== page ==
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Government bails out NFC with Ulm grant

21st May 1976, Page 6
21st May 1976
Page 6
Page 6, 21st May 1976 — Government bails out NFC with Ulm grant
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Which of the following most accurately describes the problem?

DEEP-SEATED financial problems have compelled the Government to give the Stateowned National Freight Corporation an extra grant of Ell million.

During the next few days the Corporation is expected to announce a record loss of £30 million for last year. It faced severe cash-flow problems and the grant is so that the NFC could meet its financial obligations over the coming months.

This news came during the first Commons debate on the corporation since it was set up in 1968. Making the announcement last week Mr Kenneth Marks, under-Secretary DoE, said that the grant would "provide further time for full consideration of a difficult and complex problem."

Mr Kenneth Marks said that a previous E8 million grant announced on January 21 had been used up. But it was, he told MPs, right that temporary assistance should be given while the NFC's situation was being reviewed.

The long-term objective had to be a return to viability, and the Government was determined to make a success of this public sector transport operation.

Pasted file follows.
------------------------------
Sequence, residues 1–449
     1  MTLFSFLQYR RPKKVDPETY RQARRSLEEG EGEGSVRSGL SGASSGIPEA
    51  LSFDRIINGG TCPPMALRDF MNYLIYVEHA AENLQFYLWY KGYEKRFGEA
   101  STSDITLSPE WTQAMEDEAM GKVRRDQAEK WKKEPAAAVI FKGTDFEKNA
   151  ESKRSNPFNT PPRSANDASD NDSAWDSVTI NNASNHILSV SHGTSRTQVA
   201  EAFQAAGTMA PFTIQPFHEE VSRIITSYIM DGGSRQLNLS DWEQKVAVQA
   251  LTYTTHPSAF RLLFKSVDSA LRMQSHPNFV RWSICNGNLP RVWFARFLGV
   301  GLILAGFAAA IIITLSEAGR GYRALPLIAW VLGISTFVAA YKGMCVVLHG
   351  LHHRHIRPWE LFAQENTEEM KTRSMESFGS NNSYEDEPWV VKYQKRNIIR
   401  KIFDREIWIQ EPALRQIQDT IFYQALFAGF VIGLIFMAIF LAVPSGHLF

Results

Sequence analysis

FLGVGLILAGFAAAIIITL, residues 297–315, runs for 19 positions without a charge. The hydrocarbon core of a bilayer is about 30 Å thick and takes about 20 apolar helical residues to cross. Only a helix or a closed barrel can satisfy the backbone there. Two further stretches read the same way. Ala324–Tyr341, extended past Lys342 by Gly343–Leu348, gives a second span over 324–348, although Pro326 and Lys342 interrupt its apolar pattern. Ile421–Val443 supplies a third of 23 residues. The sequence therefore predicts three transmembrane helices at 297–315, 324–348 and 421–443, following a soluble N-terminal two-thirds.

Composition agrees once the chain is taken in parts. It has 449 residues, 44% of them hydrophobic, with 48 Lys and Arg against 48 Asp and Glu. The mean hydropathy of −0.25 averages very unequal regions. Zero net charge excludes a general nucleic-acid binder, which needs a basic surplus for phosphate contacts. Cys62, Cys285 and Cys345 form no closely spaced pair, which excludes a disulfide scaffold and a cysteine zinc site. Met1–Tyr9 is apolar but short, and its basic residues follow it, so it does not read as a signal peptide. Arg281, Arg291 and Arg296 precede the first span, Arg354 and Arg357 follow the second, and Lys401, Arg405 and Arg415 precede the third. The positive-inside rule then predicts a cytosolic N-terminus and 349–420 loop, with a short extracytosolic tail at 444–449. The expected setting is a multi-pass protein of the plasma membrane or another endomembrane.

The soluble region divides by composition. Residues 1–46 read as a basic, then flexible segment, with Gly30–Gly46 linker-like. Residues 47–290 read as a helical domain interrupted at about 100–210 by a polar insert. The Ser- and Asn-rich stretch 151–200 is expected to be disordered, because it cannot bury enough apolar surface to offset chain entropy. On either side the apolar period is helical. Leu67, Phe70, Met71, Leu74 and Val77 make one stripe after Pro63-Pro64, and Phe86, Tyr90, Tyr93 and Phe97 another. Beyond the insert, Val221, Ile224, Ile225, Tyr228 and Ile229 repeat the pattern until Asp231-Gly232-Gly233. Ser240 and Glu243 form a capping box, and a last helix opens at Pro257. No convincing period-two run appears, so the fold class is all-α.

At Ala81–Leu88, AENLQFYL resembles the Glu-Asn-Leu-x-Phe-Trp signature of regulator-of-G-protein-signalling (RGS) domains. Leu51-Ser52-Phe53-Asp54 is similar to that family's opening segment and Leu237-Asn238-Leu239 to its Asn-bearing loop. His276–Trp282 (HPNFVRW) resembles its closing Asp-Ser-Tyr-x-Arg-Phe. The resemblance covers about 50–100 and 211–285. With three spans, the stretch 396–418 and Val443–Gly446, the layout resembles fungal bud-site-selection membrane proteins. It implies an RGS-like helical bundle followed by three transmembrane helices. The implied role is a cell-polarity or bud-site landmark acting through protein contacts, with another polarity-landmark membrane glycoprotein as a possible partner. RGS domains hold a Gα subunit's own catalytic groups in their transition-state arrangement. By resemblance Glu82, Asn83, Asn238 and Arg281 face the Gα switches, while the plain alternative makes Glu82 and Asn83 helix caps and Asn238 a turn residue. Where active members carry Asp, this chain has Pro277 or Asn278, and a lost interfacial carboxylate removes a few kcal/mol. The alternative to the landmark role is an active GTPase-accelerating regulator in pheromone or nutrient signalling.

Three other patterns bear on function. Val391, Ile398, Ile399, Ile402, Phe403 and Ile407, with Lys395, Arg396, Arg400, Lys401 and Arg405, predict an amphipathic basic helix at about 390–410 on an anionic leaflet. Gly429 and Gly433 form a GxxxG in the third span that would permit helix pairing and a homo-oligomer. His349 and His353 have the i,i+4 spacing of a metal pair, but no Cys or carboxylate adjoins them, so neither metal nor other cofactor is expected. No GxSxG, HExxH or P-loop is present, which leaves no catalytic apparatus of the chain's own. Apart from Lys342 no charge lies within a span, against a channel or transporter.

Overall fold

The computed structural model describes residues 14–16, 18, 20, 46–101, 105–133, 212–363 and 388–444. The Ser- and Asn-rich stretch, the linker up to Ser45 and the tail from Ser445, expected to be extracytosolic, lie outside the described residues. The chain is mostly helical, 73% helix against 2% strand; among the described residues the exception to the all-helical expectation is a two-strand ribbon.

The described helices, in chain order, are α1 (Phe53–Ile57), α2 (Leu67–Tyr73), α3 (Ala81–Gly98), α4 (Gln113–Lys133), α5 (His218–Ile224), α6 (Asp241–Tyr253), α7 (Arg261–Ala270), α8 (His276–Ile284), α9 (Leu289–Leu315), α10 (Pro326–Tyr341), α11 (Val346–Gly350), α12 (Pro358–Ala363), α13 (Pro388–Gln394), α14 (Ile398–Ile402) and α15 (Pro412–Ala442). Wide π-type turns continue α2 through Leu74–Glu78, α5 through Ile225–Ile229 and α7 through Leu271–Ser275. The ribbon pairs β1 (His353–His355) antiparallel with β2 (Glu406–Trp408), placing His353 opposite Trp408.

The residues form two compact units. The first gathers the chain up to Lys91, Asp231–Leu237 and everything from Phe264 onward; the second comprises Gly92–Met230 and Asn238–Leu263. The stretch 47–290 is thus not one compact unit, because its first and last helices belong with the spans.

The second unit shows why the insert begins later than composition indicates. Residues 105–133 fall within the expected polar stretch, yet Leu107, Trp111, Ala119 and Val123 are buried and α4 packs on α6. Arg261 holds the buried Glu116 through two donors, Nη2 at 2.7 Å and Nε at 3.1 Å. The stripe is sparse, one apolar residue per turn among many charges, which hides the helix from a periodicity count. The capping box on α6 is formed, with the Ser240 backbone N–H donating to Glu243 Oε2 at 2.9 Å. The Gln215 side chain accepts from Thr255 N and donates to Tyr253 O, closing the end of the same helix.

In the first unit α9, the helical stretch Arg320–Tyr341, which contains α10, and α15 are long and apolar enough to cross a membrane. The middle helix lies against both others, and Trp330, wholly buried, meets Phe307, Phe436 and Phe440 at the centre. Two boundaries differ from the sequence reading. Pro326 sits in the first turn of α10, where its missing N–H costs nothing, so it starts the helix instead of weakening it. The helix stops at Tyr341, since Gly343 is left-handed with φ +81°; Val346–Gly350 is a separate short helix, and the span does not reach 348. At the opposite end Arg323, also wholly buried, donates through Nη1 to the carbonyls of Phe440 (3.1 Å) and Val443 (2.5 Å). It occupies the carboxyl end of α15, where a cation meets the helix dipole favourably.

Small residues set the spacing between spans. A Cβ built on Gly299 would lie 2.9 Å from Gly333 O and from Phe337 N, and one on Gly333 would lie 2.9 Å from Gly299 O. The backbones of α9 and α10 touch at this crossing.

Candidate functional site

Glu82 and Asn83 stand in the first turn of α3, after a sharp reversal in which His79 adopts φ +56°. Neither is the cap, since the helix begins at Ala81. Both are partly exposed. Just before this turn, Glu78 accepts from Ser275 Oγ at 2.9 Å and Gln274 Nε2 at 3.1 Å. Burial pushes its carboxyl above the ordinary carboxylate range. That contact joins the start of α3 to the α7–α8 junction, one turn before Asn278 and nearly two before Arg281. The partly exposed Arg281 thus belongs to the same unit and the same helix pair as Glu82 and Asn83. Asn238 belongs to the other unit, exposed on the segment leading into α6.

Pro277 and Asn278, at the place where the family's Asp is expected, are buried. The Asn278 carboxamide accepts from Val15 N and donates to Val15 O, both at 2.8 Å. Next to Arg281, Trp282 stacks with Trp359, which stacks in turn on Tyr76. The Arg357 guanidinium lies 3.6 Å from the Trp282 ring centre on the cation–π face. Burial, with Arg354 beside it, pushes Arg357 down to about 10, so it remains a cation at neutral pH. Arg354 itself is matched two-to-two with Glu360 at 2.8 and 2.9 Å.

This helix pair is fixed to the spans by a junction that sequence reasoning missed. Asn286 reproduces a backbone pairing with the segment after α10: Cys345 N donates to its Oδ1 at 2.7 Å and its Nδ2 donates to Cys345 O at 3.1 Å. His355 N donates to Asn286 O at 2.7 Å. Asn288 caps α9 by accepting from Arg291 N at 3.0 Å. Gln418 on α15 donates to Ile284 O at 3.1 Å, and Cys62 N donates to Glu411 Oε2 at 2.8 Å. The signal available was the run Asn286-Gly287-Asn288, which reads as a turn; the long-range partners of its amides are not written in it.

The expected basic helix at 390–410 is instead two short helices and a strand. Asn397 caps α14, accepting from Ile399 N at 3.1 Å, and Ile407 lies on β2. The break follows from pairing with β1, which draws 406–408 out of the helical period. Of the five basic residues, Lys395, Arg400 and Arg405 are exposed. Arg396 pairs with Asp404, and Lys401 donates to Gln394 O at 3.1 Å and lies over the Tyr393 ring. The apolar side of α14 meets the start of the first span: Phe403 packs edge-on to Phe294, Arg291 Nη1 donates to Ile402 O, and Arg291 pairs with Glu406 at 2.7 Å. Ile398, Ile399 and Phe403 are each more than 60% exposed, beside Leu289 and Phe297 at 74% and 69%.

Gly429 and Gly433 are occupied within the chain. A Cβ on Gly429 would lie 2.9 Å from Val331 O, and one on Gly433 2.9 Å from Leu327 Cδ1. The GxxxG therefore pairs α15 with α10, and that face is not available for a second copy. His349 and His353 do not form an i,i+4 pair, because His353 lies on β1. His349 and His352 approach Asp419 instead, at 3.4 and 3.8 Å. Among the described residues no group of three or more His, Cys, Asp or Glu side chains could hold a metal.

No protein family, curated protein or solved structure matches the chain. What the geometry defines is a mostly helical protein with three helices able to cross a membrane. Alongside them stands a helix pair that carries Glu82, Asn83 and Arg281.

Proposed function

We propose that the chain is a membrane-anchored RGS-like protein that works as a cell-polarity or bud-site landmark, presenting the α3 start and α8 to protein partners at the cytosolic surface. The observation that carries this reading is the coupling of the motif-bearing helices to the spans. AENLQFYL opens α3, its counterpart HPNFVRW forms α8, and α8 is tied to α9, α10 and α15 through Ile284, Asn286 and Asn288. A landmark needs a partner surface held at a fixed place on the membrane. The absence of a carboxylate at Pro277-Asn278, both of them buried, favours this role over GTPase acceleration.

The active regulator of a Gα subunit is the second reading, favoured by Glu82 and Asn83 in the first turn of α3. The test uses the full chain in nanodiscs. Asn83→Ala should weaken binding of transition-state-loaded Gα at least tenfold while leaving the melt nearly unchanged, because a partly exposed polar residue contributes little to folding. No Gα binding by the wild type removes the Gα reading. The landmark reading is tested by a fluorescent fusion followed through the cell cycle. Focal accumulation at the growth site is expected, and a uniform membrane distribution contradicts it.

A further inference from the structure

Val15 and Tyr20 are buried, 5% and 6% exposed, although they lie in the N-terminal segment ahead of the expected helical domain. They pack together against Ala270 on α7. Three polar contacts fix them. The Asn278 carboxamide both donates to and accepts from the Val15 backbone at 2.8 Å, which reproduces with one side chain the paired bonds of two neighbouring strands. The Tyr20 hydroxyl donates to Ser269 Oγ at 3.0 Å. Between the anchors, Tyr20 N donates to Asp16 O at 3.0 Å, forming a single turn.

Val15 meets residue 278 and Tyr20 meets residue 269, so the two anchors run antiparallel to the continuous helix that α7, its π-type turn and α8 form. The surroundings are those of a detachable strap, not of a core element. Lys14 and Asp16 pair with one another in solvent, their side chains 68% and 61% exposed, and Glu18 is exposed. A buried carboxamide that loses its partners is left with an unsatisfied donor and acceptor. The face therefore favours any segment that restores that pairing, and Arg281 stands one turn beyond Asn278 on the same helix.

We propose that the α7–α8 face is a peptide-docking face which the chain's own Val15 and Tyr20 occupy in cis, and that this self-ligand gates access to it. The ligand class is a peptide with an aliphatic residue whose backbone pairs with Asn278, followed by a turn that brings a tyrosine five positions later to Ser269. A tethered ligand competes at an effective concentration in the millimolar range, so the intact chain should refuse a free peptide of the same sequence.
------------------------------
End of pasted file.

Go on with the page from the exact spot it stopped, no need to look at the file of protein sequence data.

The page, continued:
Mr Marks stoutly defended 'the largest inter-model freight corporation in Europe, employing some 45,000 staff and over 20,000 vehicles, and having a current annual turnover of over £300 million."

He recalled the very considerable success achieved by the Corporation in the early years of its operation. when it recorded a trading profit of £4 million in 1969, which had increased to £8 million by 1973.

The problems were based mainly on National Carriers and Freightliners as most of the other 60 subsidiary companies within the NFC made a profit.

A review was being undertaken into the ways in which the corporation's deficit could be eliminated. Preliminary results of the review, whic'l was being carried out by the financial consultants, Coopers and Lybrand Associates in conjunction with the NFC, had shown that the corporation's financial problems were very deep-seated, said Mr Marks.

Changes might well he needed—that point was being examined by consultants and in the broader aspects of the tiansport policy review.

The debate—on a motion to take note of the Order which lays down the NFC's commencing capi,tal debt at £98 million—was opened by Tory transport spokesman Mr Norman Fowler.

He saw no social justification for subsidising freight, particularly when it went by road. At a time when this country faced the worst economic crisis within memory, there could be no justification for subsidies in this area.

The crucial question concerned National Carriers — virtually everyone who had examined the question of the public sector parcels services was concerned about there being a number of nationalised companies doing a similar job.

There were some hopeful signs, said Mr Fowler, especially the commercial aims of the management, but it had to be the Government's endeavour to promote those aims.

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